This past week I presented research to the Board of Regents that clearly suggests the need to adjust the "cut scores" on the state's grade 3-8 English and math exams to more accurately indicate student proficiency on those exams. The Board endorsed the rationale I presented and I will adjust those scores accordingly.
If our tests are to be a useful tool, they have to give us meaningful information — not only about a student's current level of proficiency, but also about that student's future prospects. So we looked at linkages and connections, to better understand the signals that indicate whether a student is on track to pass Regents exams and to go on to higher education prepared to do college-level work.
The research told us many things. Most significantly, it revealed that some students who have scored "proficient" on state exams were unprepared, without remediation, to do the work required of them when they reached college. That must change.
"Proficiency" on our exams has to mean something real; no good purpose is served when we say that a child is proficient when that child simply is not.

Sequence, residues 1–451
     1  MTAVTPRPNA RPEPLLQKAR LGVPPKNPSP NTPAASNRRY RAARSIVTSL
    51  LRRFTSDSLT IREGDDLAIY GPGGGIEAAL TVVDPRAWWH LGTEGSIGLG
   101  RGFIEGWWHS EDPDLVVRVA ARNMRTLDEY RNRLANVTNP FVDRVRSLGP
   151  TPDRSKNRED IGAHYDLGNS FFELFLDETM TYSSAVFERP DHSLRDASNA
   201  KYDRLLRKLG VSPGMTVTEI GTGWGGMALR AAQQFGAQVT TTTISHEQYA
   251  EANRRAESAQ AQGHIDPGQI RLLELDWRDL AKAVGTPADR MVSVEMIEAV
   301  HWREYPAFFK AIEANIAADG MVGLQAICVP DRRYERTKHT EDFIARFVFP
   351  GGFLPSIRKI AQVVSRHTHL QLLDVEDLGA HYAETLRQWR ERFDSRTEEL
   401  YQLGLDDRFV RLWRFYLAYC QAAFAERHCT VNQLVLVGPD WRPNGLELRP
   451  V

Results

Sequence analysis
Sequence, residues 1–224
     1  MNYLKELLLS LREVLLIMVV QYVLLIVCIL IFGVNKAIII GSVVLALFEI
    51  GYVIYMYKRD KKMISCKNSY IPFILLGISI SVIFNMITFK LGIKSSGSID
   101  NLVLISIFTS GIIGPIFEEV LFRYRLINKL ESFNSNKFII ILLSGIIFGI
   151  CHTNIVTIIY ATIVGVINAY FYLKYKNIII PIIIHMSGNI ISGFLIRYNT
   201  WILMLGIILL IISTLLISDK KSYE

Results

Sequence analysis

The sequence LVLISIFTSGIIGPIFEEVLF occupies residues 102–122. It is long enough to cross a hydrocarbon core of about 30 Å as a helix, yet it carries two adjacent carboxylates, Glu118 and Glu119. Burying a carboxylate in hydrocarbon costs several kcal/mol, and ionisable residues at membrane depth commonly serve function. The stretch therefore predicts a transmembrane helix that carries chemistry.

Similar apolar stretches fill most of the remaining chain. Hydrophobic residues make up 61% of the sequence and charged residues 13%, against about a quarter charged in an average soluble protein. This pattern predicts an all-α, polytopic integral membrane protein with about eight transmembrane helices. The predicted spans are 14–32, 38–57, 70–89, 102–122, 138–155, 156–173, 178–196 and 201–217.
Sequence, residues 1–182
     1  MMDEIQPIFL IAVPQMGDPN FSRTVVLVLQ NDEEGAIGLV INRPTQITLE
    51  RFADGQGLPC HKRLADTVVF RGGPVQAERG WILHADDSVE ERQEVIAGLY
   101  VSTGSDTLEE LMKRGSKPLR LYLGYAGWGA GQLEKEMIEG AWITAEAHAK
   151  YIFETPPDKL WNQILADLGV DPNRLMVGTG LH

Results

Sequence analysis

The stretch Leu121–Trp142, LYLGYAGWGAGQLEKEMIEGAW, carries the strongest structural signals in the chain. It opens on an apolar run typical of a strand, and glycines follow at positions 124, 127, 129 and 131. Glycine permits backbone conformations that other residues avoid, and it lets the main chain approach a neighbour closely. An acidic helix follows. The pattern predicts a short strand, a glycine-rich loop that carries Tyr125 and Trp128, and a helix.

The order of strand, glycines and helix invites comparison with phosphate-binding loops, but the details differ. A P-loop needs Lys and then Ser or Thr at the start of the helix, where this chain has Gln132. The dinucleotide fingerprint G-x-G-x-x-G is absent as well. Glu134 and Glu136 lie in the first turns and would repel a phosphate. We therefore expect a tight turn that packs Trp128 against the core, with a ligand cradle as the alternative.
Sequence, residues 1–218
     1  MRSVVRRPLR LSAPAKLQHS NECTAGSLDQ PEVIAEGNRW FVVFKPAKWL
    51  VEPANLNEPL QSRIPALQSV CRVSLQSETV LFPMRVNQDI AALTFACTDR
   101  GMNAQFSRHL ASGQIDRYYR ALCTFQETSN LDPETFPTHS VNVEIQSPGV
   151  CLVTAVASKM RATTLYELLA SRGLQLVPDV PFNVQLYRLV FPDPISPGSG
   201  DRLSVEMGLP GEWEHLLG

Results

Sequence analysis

a sequenced curriculum
But more rigorous exams are only one piece of the Regents' broader reform vision — a vision that includes a more challenging, sequenced curriculum, stronger preparation for teachers and principals, and a world-class data system.
We are embarking on a new era of reform, and the goal is clear: to provide all students with a world-class education that prepares them for college, work, citizenship and lifelong learning.
Changes will make New York's standardized tests more meaningful
by David Steiner
July 25, 2010